He?d do anything for his family. So when his daughter came to him after her dog almost died from dehydration after knocking his water bowl over, he immediately started brainstorming to find a solution so this would never happen to a dog again. Soon afterwards, the Doggie Fountain was born.
But before we jump into the history of the product, let?s learn a bit more about Tony…
Born in Phoenix, Arizona, Tony moved a bit during his childhood, but now resides in Larwill, Indiana, 30 miles from where he spent most of his childhood. At 14, he started working as a busboy and dishwasher in a restaurant and eventually became a cook.
?You wouldn’t know it by looking at me, but I [still] love to cook and bake.?
He met his wife at a restaurant they worked at together in 1978. About 12 years ago, he and his wife bought about 20 acres of wooded land and built their current home.
Tony has said that ideas often find him versus the other way around.
?I will see something that I don’t like, so I will fix the problem.?
That being said, based on his experiences, getting a licensing deal on your own is very difficult, “It’s hard, expensive and futile at best. I’ve tried the “cold calling” with no results.?
Tony advises innovators looking to secure a licensing deal of their own to get help from an innovation company versus trying to go it alone.
That brings us back to the Doggie Fountain?
Tony?s daughter had a dog named Pacey, who, as many dogs do, had a bad habit of knocking over his water bowl. On a hot August day, between work and college classes, Tony?s daughter returned home to check in on Pacey and found him severely dehydrated after emptying his water bowl. She immediately went to her father to see if he could come up with an idea so her dog would have access to water all the time when he was outside. Tony began brainstorming…
First, he thought of ways to prevent the bowl from being overturned – fill a large basin with enough water to provide weight so the bowl could not flip over. This did not work because the water would get hot and dirty over time.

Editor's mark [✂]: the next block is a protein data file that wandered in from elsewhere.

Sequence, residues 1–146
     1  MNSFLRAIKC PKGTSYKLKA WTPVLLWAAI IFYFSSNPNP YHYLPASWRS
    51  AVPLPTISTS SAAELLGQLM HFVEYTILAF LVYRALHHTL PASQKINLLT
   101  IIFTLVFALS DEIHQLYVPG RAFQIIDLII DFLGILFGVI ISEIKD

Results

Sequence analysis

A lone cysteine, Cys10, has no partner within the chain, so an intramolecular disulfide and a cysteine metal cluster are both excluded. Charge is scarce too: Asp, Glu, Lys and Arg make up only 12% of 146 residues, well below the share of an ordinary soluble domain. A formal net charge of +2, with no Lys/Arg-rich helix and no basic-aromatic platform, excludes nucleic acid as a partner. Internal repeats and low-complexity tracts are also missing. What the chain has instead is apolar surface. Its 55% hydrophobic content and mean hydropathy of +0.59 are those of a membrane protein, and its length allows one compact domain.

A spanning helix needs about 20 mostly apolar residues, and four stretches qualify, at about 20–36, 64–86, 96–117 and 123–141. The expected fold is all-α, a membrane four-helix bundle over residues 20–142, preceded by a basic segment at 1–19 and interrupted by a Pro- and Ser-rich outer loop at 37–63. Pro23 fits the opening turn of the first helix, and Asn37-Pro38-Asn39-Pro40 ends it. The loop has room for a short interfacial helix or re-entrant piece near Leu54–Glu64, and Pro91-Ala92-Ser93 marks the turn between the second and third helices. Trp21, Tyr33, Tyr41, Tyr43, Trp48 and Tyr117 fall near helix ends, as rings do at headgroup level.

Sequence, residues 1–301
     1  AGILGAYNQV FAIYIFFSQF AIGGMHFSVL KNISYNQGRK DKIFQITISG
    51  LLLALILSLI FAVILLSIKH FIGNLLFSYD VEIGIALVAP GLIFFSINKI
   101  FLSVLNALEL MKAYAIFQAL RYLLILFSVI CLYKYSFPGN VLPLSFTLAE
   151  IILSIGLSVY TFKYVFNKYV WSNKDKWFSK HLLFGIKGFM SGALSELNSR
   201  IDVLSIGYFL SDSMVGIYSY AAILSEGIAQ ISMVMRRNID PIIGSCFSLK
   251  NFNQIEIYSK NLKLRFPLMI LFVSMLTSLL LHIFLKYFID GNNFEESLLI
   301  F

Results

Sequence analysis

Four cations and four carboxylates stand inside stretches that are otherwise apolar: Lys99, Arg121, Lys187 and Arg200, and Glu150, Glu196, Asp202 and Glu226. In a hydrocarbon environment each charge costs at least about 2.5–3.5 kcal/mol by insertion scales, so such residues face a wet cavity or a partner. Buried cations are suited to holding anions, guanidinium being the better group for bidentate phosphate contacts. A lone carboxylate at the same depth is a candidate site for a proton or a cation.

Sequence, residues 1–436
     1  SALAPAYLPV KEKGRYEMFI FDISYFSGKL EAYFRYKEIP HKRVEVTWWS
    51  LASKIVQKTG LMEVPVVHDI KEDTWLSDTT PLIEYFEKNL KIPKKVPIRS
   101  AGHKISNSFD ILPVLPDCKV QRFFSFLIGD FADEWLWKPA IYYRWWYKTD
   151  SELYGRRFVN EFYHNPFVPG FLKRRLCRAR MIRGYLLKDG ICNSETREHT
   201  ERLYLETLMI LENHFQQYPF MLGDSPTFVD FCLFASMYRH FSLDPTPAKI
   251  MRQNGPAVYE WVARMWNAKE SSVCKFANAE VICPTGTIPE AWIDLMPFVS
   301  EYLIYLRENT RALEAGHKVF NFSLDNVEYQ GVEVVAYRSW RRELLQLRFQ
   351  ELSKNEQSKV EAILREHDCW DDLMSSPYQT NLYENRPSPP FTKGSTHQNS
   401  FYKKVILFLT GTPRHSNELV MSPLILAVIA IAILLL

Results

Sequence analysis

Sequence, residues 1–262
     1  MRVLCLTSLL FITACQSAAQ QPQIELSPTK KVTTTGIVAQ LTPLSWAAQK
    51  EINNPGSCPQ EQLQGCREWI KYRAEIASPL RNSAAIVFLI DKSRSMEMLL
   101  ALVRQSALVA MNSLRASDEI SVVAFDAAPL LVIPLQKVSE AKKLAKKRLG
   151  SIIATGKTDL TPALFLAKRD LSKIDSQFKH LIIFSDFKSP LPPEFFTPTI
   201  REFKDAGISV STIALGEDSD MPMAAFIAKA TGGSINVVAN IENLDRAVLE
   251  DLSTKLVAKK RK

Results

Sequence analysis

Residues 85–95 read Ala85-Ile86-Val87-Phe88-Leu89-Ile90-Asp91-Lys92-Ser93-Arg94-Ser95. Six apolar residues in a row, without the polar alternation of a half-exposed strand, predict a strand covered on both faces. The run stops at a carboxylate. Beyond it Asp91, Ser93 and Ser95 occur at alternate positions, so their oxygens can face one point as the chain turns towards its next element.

He went to a local Tractor Supply Store to get some supplies, and before leaving, saw the drinking fountain.
?As I started walking away, I turned and looked back at the drinking fountain and thought, if I can make a smaller fountain and train a dog to use it…well, that would solve my daughter’s problem.?
He made her the first Doggie Fountain and she trained her dog to use it. After getting some positive feedback from friends and family, Tony decided to pursue commercializing it. He completed a patent search and filed for a full utility patent in 2007, receiving it in 2010.
Tony scoured the internet looking for possible companies to help him bring his Doggie Fountain to life – he even submitted it to a sponsored search at Edison Nation and got to Stage 7, but it was not selected by the sponsor. He took it back and eventually found a home for it with Quirky.
?Quirky was a very good experience… I had sent them an application a few years prior but didn’t get selected. And then, when I ended my contract with A.P.I., I tried again. This time, I got the necessary votes and moved onto the “Live Evaluation” process. It was unanimous. They all just loved it.?
This was in December of 2013. During the design process, Tony remained involved with the Quirky team. By Christmas of 2014, Quirky had product for sale on their site as the Pawcet.
Each time new stock came in, it sold out in a matter of days. Unfortunately, with recent events at Quirky, Tony was left with a product and no one to manufacture it. He knew he had a good product and was still getting requests from potential buyers for product. It was then that he turned to Edison Nation.
Edison Nation Timeline:
July: ?Once Tony had received rights to his intellectual property back from Quirky, a formal presentation was made to the USM team who immediately expressed strong interest in the product.
August: ?Agreement terms were sent to USM along with samples of the Doggie Fountain for review.
September: ?USM completed thorough due diligence on the product with their factory. In fact, the main contact at USM, along with his business partner traveled to meet with the Edison Nation team in Atlanta during the Amazon Inventions Tour to continue discussions.
October: ?USM signed the licensing deal!
United Sales & Marketing has expertise within both the pet industry, as well as with big box stores. They have 20-30 years of professional relationships which we expect to yield significant opportunities both domestically and internationally for distribution.
We are very excited to see what the new iteration of the Doggie Fountain will look like. Stay tuned to the EN blog for an update once it is available for sale!
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